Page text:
The National Gallery of Art Presents DEGAS'S LITTLE DANCER, in Conjunction with Kennedy Center's World-Premiere of 'Little Dancer', 10/5-1/11
The National Gallery of Art's Little Dancer Aged Fourteen (1878-1881) takes center stage in Degas's Little Dancer, a focus exhibition on view from October 5, 2014 through January 11, 2015. The exhibition is presented in conjunction with the John F. Kennedy Center for the Performing Arts' world-premiere musical Little Dancer, which runs from October 25, 2014 through November 30, 2014. The musical is inspired by Edgar Degas's renowned original wax statuette of a young ballerina, which caused a sensation when it was first shown at the 1881 impressionist exhibition in Paris and is one of the most popular works of art in the Gallery of Art's collection.
"Thanks to the generosity of Gallery benefactor Paul Mellon, the Gallery has the largest and most important collection of Degas's original wax sculptures, including the groundbreaking Little Dancer Aged Fourteen, one of the best-loved sculptures of all time," said Earl A. Powell III, director, National Gallery of Art. "Well-known through more than 30 posthumous bronze casts displayed in museums around the world, the Gallery's wax version of Degas's famous sculpture is the only one that was formed by the artist's own hands and the only one he ever showed publicly."
The Gallery has the third largest collection of Degas works in the world, including 12 cast bronzes, one posthumously produced plaster, 19 paintings, 71 works on paper, and 52 original Degas works in wax, clay, and plaster.
About the Exhibition
Little Dancer Aged Fourteen will be presented with 11 additional works that exemplify Degas's fascination with the practice and performance of ballet, including the monumental pastel Ballet Scene (c. 1907) and monotype The Ballet Master (c. 1874) from the Gallery's collection, and oil painting The Dance Class (c. 1873) from the Corcoran Gallery of Art. These works will join the smaller statuettes Study in the Nude of Little Dancer Aged Fourteen (c. 1878-1881) and Fourth Position Front, on the Left Leg (c. 1885/1890), each about two feet tall.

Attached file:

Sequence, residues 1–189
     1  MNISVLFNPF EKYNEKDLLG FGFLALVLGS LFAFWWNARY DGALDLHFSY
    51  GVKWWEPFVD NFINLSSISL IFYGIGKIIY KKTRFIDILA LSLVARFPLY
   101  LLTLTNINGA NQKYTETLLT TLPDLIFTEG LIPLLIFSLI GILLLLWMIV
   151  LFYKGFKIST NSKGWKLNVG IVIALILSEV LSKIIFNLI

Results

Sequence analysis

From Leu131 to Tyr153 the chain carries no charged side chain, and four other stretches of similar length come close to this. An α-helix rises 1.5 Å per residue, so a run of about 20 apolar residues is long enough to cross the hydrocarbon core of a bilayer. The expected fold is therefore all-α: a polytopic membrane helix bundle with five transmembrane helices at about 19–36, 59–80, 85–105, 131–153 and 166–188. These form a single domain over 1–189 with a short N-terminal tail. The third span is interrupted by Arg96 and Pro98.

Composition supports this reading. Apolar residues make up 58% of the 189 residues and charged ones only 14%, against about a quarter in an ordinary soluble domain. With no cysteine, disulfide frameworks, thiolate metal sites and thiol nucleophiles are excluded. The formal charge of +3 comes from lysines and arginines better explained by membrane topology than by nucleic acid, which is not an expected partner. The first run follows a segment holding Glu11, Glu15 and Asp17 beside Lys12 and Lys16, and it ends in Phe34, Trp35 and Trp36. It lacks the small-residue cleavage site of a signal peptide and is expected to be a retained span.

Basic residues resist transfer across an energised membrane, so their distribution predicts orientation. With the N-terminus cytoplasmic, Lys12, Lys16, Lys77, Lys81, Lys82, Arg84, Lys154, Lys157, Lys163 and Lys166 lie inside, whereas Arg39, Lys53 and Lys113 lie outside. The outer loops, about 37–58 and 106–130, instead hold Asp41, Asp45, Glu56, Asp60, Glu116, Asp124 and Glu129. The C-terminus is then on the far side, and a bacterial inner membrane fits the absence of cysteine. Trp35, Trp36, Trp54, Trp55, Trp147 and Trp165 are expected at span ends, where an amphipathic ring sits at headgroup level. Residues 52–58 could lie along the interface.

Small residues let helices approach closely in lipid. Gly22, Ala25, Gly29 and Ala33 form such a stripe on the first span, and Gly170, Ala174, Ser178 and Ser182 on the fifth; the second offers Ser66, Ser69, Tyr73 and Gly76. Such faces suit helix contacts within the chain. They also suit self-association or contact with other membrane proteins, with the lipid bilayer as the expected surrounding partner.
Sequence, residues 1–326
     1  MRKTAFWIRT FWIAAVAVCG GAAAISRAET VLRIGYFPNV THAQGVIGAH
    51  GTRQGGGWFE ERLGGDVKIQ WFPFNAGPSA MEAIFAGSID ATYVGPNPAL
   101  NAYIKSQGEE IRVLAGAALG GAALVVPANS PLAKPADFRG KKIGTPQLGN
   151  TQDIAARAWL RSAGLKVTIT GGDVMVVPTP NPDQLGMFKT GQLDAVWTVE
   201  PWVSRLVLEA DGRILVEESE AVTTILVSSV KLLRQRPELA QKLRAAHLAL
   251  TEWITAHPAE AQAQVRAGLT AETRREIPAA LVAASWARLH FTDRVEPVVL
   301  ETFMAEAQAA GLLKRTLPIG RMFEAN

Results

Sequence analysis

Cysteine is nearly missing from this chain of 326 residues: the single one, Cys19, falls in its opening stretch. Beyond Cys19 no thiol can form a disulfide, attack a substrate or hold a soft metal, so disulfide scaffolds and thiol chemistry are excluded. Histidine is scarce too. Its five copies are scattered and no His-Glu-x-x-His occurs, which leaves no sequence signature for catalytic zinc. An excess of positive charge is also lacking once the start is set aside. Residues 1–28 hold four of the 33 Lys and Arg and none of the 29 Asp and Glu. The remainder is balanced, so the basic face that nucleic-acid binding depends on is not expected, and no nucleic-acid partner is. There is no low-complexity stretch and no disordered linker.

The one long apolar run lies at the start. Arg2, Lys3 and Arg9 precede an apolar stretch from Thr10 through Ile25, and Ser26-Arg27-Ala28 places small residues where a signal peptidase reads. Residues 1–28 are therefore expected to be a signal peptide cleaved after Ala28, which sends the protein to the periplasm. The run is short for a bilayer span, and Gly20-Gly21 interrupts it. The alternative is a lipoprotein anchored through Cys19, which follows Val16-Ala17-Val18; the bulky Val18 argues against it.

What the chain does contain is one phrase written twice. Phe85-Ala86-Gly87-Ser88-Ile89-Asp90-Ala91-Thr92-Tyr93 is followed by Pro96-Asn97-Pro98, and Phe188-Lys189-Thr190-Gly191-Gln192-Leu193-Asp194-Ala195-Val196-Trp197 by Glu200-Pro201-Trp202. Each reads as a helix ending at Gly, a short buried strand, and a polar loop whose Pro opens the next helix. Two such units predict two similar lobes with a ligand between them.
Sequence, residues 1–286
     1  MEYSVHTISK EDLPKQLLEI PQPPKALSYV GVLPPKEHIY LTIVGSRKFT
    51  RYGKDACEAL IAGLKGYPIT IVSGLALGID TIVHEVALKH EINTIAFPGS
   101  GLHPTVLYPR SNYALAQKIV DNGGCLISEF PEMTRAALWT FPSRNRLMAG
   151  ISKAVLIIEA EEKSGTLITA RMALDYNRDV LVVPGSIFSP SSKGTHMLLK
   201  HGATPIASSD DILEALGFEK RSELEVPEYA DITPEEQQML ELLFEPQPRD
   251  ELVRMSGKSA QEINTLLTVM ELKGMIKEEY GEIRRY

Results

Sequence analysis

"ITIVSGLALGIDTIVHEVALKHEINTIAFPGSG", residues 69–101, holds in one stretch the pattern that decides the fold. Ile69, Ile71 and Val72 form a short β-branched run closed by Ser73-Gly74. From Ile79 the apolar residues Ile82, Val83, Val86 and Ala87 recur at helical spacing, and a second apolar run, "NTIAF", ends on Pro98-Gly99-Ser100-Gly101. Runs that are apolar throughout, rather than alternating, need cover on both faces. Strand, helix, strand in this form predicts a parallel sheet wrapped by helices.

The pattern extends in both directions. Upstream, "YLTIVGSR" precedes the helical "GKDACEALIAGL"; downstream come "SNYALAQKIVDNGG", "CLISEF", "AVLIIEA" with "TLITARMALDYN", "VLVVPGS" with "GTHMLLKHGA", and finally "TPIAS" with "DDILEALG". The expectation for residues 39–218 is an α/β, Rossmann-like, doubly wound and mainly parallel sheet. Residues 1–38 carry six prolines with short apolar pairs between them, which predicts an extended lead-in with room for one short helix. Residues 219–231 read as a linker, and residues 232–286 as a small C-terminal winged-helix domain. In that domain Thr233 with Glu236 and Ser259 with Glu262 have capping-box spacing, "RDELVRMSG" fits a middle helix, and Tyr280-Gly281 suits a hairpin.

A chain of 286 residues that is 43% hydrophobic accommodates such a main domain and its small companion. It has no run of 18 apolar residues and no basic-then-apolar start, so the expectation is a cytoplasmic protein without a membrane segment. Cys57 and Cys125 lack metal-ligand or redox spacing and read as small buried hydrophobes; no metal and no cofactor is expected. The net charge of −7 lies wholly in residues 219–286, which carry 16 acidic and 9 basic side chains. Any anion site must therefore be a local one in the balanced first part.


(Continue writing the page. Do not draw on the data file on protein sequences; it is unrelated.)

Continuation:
The exhibition also highlights the experimental, modern approach Degas took to his work. Degas did not carve sculpture but used an additive process. Little Dancer was modeled in wax over a metal armature, bulked with organic materials including wood, rope, and even old paintbrushes in the arms. It was then covered with clay and layers of pigmented wax. Degas further elevated the sculpture's realism by affixing a wig of human hair to the head and outfitting his ballerina in a cotton-and-silk tutu, a real bodice, and linen slippers.
The Ballet Master was likely the artist's first attempt at monotype, made in collaboration with his friend Viscount Ludovic Napoléon Lepic (1839-1889), who taught Degas this challenging printmaking technique, which produced only a single, lush impression of each image. Degas enhanced the print with white to create an effect of both dancer and ballet master emerging eerily from an inky darkness.
The exhibition features three other monotypes which Degas heightened extensively with pastel. Dynamic and vibrantly colored, they perfectly capture the luminous effect of the gas-lit stages. Degas frequently explored the dancers' world off-stage, depicting them at rehearsal or standing in the wings, awaiting the start of the performance. He was a keen observer and a wry but sympathetic chronicler of the daily life of the dancers he studied, even on occasion introducing a black-clad gentleman, an abonné (or subscriber), watching from an opera box or lurking behind the scenes as a potential "protector" of the young dancers.
In addition, the exhibition includes a portrait drawing of Degas by his friend, the artist Paul Mathey (1844-1929). In it Degas stands looking at a work of art in a posture loosely recalling that of his Little Dancer muse, arms behind his back, hands clasped.
Degas's Little Dancer is organized by the National Gallery of Art and curated by Alison Luchs, curator of early European sculpture.